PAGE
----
Conclusions

Adjuvant therapies, including targeted therapies, that are initiated before overt metastases arise may be the most effective way to prolong survival, particularly for patients with high-risk characteristics (eg, GEP class 2, monosomy 3, and large tumors). Randomized clinical trials to test such therapies should be designed to identify and select those patients who are most likely to respond to treatment. Continued research to understand the determinants of the high-risk phenotype is essential for developing targeted therapies and identifying modifiable risk factors.

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Article Information

Accepted for Publication: May 2, 2018.

Corresponding Author: Evangelos S. Gragoudas, MD, Massachusetts Eye and Ear Infirmary, 243 Charles St, Boston, MA 02114-3096 (evangelos_gragoudas@meei.harvard.edu).

Published Online: June 28, 2018. doi:10.1001/jamaophthalmol.2018.2466

Author Contributions: Dr Gragoudas had full access to all the data in the study and takes responsibility for the integrity of the data and the accuracy of the data analysis.

Acquisition, analysis, or interpretation of data: Lane, Kim, Gragoudas.

Drafting of the manuscript: Lane, Gragoudas.

Critical revision of the manuscript for important intellectual content: Lane, Kim, Gragoudas.

Statistical analysis: Lane.

Conflict of Interest Disclosures: All authors have completed and submitted the ICMJE Form for Disclosure of Potential Conflicts of Interest. Dr Kim receives research support from Genentech and consulting and research fees from Genentech, Iconic Therapeutics, Allergan, Castle Biosciences, and Alcon. Dr Gragoudas serves on advisory/monitoring board for Iconic Therapeutics, Aura Pharmaceuticals, and Ocata Therapeutics and holds a patent for Valeant.

Funding/Support: This study was funded by the Massachusetts Eye and Ear Melanoma Research Fund.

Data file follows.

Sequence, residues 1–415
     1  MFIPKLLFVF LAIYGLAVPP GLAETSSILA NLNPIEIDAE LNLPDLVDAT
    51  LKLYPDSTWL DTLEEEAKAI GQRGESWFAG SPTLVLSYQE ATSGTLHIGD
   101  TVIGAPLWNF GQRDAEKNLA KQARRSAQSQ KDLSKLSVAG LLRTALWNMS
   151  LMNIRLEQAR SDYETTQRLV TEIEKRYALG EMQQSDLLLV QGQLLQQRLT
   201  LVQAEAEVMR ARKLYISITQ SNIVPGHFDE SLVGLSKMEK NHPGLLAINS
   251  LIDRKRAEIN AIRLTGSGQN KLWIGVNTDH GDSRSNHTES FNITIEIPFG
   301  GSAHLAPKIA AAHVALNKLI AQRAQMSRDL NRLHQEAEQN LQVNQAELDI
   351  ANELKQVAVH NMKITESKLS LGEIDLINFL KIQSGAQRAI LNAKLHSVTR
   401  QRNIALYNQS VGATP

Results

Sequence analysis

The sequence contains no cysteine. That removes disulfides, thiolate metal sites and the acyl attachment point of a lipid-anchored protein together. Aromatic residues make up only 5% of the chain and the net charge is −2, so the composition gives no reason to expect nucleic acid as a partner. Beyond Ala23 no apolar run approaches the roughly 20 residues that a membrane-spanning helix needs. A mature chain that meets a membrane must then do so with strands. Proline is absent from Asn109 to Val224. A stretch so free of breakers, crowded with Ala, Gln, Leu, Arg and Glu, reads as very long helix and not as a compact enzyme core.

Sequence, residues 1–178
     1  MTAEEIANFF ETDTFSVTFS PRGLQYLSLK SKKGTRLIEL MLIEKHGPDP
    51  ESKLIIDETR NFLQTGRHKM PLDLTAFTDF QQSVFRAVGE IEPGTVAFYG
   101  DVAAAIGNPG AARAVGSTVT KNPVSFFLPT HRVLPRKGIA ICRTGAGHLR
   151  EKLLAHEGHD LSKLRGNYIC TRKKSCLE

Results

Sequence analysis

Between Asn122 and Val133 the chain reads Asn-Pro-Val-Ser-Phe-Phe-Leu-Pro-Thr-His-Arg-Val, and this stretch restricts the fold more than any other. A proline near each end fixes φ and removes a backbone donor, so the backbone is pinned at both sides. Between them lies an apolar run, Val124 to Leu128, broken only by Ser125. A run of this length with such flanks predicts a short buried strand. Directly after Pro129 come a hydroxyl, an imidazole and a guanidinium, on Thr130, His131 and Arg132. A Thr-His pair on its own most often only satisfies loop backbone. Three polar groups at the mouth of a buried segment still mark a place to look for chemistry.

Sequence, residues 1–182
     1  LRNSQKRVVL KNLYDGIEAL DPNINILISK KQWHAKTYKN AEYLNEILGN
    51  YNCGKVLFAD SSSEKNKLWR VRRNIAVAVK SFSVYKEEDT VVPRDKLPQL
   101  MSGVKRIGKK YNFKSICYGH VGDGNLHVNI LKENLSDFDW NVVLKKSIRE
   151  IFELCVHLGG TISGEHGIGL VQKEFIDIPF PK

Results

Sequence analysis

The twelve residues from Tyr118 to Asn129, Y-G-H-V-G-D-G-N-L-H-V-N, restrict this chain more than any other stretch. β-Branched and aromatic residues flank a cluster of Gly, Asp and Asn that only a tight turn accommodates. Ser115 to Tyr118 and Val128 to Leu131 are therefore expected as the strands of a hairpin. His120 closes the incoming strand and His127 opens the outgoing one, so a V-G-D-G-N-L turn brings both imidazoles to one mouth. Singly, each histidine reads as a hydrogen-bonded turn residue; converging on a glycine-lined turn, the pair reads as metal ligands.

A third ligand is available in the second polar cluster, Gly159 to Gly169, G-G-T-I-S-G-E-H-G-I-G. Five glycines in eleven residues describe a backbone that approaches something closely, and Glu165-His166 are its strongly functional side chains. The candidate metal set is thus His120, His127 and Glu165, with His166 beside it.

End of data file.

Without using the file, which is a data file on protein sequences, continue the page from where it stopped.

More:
Role of the Funder/Sponsor: The Massachusetts Eye and Ear Melanoma Research Fund had no role in the design and conduct of the study; collection, management, analysis, and interpretation of the data; preparation, review, or approval of the manuscript; and decision to submit the manuscript for publication.

References
1.
Gragoudas  E, Li  W, Goitein  M, Lane  AM, Munzenrider  JE, Egan  KM.  Evidence-based estimates of outcome in patients irradiated for intraocular melanoma.  Arch Ophthalmol. 2002;120(12):1665-1671. doi:10.1001/archopht.120.12.1665PubMedGoogle ScholarCrossref
2.
Kujala  E, Mäkitie  T, Kivelä  T.  Very long-term prognosis of patients with malignant uveal melanoma.  Invest Ophthalmol Vis Sci. 2003;44(11):4651-4659. doi:10.1167/iovs.03-0538PubMedGoogle ScholarCrossref
3.
Bergman  L, Seregard  S, Nilsson  B, Lundell  G, Ringborg  U, Ragnarsson-Olding  B.  Uveal melanoma survival in Sweden from 1960 to 1998.  Invest Ophthalmol Vis Sci. 2003;44(8):3282-3287. doi:10.1167/iovs.03-0081PubMedGoogle ScholarCrossref
4.
Onken  MD, Worley  LA, Char  DH,  et al.  Collaborative Ocular Oncology Group report number 1: prospective validation of a multi-gene prognostic assay in uveal melanoma.  Ophthalmology. 2012;119(8):1596-1603. doi:10.1016/j.ophtha.2012.02.017PubMedGoogle ScholarCrossref
5.
Harbour  JW.  A prognostic test to predict the risk of metastasis in uveal melanoma based on a 15-gene expression profile.  Methods Mol Biol. 2014;1102:427-440. doi:10.1007/978-1-62703-727-3_22PubMedGoogle ScholarCrossref
6.
Walter  SD, Chao  DL, Feuer  W, Schiffman  J, Char  DH, Harbour  JW.  Prognostic implications of tumor diameter in association with gene expression profile for uveal melanoma.  JAMA Ophthalmol. 2016;134(7):734-740. doi:10.1001/jamaophthalmol.2016.0913PubMedGoogle ScholarCrossref
7.
Diener-West  M, Reynolds  SM, Agugliaro  DJ,  et al; Collaborative Ocular Melanoma Study Group Report 23.  Screening for metastasis from choroidal melanoma: the Collaborative Ocular Melanoma Study Group Report 23.  J Clin Oncol. 2004;22(12):2438-2444. doi:10.1200/JCO.2004.08.194PubMedGoogle ScholarCrossref
8.
Gragoudas  ES, Egan  KM, Seddon  JM,  et al.  Survival of patients with metastases from uveal melanoma.  Ophthalmology. 1991;98(3):383-389. doi:10.1016/S0161-6420(91)32285-1PubMedGoogle ScholarCrossref
9.
Augsburger  JJ, Corrêa  ZM, Trichopoulos  N.  Surveillance testing for metastasis from primary uveal melanoma and effect on patient survival.  Am J Ophthalmol. 2011;152(1):5-9.e1. doi:10.1016/j.ajo.2011.03.004PubMedGoogle ScholarCrossref
10.
Augsburger  JJ, Corrêa  ZM, Shaikh  AH.  Effectiveness of treatments for metastatic uveal melanoma.  Am J Ophthalmol. 2009;148(1):119-127. doi:10.1016/j.ajo.2009.01.023PubMedGoogle ScholarCrossref
11.